Providence

Climate Migrant

Last month I visited Providence, Rhode Island, getting to know the city. I plan to establish a summer home here next spring. I’ll keep my permanent residence in Austin, but I’ve had it with Texas summers.

I’m a climate crisis refugee. I was born and raised in Texas, and I’ve always been glad of my heat tolerance. I’m comfortable up to 95 degrees. But now we have two months of the year when the mercury shoots up past 100. I’m tired of hearing weather casters tell me not to go outside in the afternoon.

I’m not the first climate migrant. People fleeing drought and flood have been on the move for a generation. It’s global, but it has been mostly a third world movement. Now the first world is beginning to feel it.

It’s possible to ignore the rising heat if you live in air conditioned spaces. But you have to be content to give up summer afternoons. I’m not.

Ironically, that air conditioning that shelters us from the heat outside makes the heat outside worse. The air conditioners use power from plants that exhaust greenhouse gases. And the air conditioners themselves pump heat out to the air. It’s a positive feedback loop. The hotter the environment, the more we use the air conditioner. The more we use the air conditioner, the hotter the environment.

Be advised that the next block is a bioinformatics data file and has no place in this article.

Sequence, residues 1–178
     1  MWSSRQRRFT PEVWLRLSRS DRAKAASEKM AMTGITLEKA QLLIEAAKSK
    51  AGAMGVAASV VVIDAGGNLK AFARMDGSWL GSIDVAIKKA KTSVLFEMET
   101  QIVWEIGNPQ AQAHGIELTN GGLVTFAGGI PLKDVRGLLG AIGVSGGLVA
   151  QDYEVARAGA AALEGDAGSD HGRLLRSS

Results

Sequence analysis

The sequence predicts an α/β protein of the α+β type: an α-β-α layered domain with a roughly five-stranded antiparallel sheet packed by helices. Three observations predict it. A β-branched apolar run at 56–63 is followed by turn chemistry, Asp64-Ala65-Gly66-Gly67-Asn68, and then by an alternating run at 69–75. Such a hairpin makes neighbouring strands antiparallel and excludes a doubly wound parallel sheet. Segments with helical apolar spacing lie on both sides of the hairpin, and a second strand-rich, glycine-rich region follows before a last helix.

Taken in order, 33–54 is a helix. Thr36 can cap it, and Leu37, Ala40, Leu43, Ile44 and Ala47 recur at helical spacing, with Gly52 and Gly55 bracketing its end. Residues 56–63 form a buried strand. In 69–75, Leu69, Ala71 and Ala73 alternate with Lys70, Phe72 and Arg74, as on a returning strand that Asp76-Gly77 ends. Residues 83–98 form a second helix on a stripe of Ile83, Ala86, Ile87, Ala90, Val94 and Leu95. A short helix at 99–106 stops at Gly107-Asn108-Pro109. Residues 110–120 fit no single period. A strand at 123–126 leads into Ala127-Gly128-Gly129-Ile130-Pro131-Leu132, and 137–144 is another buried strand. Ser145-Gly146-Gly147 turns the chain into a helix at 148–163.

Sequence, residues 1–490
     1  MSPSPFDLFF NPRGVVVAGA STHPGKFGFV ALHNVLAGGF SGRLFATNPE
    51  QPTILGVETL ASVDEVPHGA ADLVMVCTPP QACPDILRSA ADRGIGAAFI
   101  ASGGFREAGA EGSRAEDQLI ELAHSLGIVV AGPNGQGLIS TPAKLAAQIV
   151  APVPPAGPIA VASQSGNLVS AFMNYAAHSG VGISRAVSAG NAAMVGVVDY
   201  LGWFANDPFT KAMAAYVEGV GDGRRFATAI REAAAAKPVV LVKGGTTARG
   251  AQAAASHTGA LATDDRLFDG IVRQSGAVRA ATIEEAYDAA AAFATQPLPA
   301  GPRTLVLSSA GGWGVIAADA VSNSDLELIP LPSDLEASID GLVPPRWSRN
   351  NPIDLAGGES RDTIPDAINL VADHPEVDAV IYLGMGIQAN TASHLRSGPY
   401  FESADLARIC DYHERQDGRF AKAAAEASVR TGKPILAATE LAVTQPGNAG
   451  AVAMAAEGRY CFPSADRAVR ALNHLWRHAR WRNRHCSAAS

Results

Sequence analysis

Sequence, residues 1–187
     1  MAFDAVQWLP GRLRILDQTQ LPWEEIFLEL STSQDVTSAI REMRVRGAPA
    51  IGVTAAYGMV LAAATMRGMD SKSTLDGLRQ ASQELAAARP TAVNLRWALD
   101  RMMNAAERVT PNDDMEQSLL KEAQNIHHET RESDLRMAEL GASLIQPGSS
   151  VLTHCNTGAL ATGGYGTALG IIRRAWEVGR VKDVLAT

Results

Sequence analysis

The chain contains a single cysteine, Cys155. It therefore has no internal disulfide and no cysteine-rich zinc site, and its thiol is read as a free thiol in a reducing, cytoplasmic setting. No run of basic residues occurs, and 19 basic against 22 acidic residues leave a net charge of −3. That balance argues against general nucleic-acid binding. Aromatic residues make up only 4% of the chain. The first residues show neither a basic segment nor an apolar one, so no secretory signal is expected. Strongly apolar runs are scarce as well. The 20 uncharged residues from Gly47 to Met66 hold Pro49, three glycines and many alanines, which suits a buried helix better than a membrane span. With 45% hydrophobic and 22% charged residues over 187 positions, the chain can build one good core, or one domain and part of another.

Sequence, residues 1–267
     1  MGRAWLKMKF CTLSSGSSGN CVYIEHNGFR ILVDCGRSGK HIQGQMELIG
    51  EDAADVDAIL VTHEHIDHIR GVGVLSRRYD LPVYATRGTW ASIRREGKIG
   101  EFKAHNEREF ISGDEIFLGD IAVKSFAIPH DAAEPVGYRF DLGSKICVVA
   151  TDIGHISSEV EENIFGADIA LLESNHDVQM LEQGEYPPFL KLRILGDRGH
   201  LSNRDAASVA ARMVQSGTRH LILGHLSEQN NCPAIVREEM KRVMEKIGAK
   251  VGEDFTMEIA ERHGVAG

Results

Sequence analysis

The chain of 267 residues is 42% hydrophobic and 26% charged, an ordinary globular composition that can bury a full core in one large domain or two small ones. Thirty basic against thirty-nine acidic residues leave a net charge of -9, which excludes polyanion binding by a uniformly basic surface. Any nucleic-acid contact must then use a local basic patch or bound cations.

I’m moving away from that loop. Of course, there’s no real escape. There’s another effect. Providence is in the hurricane zone. And with the climate crisis, hurricanes are growing stronger and more numerous.

I took a riverboat tour on the Providence River. The captain told tales of hurricanes past, and he pointed to a gated flood barrier high enough to keep out the flood surge of the worst hurricane on record. But the storms are growing stronger. It’s only a matter of time until a storm surge overwhelms that sea wall. And then another. Then there will be a new wave of climate migrants. More people on the move.

But for now, Providence is a great little city.

(Photos by Robin Cravey unless otherwise noted).

Feature image above: Downtown Providence. Photo by Jeffee Palmer. The city seen from the river.

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